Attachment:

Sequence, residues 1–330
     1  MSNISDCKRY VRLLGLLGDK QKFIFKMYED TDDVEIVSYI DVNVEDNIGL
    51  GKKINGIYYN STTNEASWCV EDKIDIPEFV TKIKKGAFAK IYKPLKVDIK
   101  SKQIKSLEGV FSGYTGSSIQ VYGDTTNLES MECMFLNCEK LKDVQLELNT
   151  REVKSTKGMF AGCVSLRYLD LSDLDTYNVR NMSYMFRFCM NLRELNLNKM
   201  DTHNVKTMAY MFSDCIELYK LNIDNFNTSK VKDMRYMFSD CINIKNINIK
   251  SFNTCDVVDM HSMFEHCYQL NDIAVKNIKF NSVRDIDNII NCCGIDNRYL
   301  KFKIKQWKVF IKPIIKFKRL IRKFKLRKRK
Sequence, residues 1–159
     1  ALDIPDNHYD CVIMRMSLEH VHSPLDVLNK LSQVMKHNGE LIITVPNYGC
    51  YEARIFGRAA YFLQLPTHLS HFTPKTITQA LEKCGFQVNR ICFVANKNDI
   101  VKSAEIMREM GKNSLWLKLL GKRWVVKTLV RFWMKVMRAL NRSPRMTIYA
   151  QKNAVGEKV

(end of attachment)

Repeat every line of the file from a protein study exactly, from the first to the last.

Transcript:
Sequence, residues 1–330
     1  MSNISDCKRY VRLLGLLGDK QKFIFKMYED TDDVEIVSYI DVNVEDNIGL
    51  GKKINGIYYN STTNEASWCV EDKIDIPEFV TKIKKGAFAK IYKPLKVDIK
   101  SKQIKSLEGV FSGYTGSSIQ VYGDTTNLES MECMFLNCEK LKDVQLELNT
   151  REVKSTKGMF AGCVSLRYLD LSDLDTYNVR NMSYMFRFCM NLRELNLNKM
   201  DTHNVKTMAY MFSDCIELYK LNIDNFNTSK VKDMRYMFSD CINIKNINIK
   251  SFNTCDVVDM HSMFEHCYQL NDIAVKNIKF NSVRDIDNII NCCGIDNRYL
   301  KFKIKQWKVF IKPIIKFKRL IRKFKLRKRK
Sequence, residues 1–159
     1  ALDIPDNHYD CVIMRMSLEH VHSPLDVLNK LSQVMKHNGE LIITVPNYGC
    51  YEARIFGRAA YFLQLPTHLS HFTPKTITQA LEKCGFQVNR ICFVANKNDI
   101  VKSAEIMREM GKNSLWLKLL GKRWVVKTLV RFWMKVMRAL NRSPRMTIYA
   151  QKNAVGEKV